Butter is a key ingredient in both
Whichever omelette you decide to cook, you need a key ingredient: butter, lots of it. The more you add the creamier the omelette. In a French omelette the hot butter whisked into the eggs creates an emulsion, like a low-fat mayo with a lot of eggs. Said emulsion is then continuously stirred and a bit of heat is applied here and there.
If you were to not use butter in a French omelette but still stir it, you’d get scrambled eggs. The butter is crucial for the emulsion, and cooking oil will create a different result.
In an American omelette the butter is whisked into the eggs too, but not as much and not as vigorously. About half the butter is left on the outside, to cook the omelette. The eggs will absorb the butter anyway, so it will still have that rich flavor.
And because one incorporates the butter in to the eggs, and the other mostly fries the mixture in butter, there is a significant difference in flavor.
Why is it called French omelette ?
The French omelette is called French because this version originates from France. When and how the very first French omelette was made is unclear, but it is quoted as being French in nearly all cookbooks.
There is a story about Napoleon Bonaparte first tasting an omelette in an inn, and the ordering his army to make a giant omelette the next day. Due to the way a French omelette is made, a giant version is impossible to get right (creamy). This is the basis for the giant Easter omelette, a big omelette cooked by several cooks at once every easter in France. And it looks very much like the standard, American omelette.
So what does this mean ? It simply meant that the names are, actually, irrelevant and don’t really point to the true origin.
The French omelette may not be truly French, while the American omelette may not be invented in America. It’s a very basic form of cooking eggs and we’re sure most people cook their omelette this way, without knowing it’s American style.
Rather the names (French and American) came about simply as a way to differentiate the two styles.
Who made the first omelette ?
The very first recorded omelette, or a dish as similar as possible, was actually made in Iran. Actually ancient Iran, then known as Persia. It was known as kuku, and had different versions that included herbs, eggplant, potato, or roe. It’s still cooked today and it resembles more of a frittata, in that the batter is fluffy and it has a lot of filling.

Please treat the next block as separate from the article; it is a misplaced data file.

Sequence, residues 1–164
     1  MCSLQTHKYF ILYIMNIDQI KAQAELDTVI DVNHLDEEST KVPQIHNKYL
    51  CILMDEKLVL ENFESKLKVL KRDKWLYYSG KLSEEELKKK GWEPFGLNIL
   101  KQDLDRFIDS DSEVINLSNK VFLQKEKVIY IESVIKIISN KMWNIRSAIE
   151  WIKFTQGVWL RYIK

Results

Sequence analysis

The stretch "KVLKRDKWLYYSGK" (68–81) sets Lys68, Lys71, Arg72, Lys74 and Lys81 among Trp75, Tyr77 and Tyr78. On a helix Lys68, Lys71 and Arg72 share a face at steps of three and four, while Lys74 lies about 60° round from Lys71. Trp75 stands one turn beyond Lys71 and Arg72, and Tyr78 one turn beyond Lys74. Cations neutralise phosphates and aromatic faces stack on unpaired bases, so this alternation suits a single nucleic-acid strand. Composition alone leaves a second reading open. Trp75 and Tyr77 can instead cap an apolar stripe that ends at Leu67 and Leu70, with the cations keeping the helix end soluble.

In the end, the first, true omelette is lost to history. It’s like trying to find out who invented roast meat, or mashed potatoes. The most basic and effective forms of cooking any ingredient have been discovered all over the world, at different times.
Is French omelette raw ?
When you look at a French omelette and see how creamy it is, you may wonder if it’s raw. It’s not raw, it’s simply cooked differently because all the proteins are surrounded by the extra fat from the butter. This prevents them from coagulating into curds, especially since they’re continuously stirred and whisked.
So no, a French omelette is now raw, it’s cooked. It may look soft and runny, but it’s not runny eggs.
Should you add milk to an omelette ?
No, do not add milk to an omelette if you’re trying to get a creamy, moist one. The milk will only add more moisture to the omelette, leading to a longer cook time and an omelette impossible to flip, or even fold, because it’s too soft.
If you want your omelette fluffy and soft, which the eggs with the butter very well. Then turn the heat to medium-low, and put a glass lid on top. Let the omelette sit for about 5 minutes. It should be almost completely cooked through.
Shake the pan a little to see if anything is jiggling. If it is, add 2 more minutes. Don’t turn up the heat.
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How many eggs for an omelette ?
We recommend 2 eggs per adult person when making an omelette, regardless of any fillings or toppings you want to add. A 1 egg omelette isn’t going to cook well, but it’s totally possible.
Any omelette with more than 6 eggs will need a pan bigger than the standard 12 inch/30 cm diameter one. This is because it gets very fluffy and you need more room to stir and whisk.
And that’s it ! You now know the finer points of French and American omelettes, and their main differences. They’re both delicious but if you’re in a hurry you may want to stick to the quick and easy American. On the weekends you can indulge in a creamy, rich French omelette.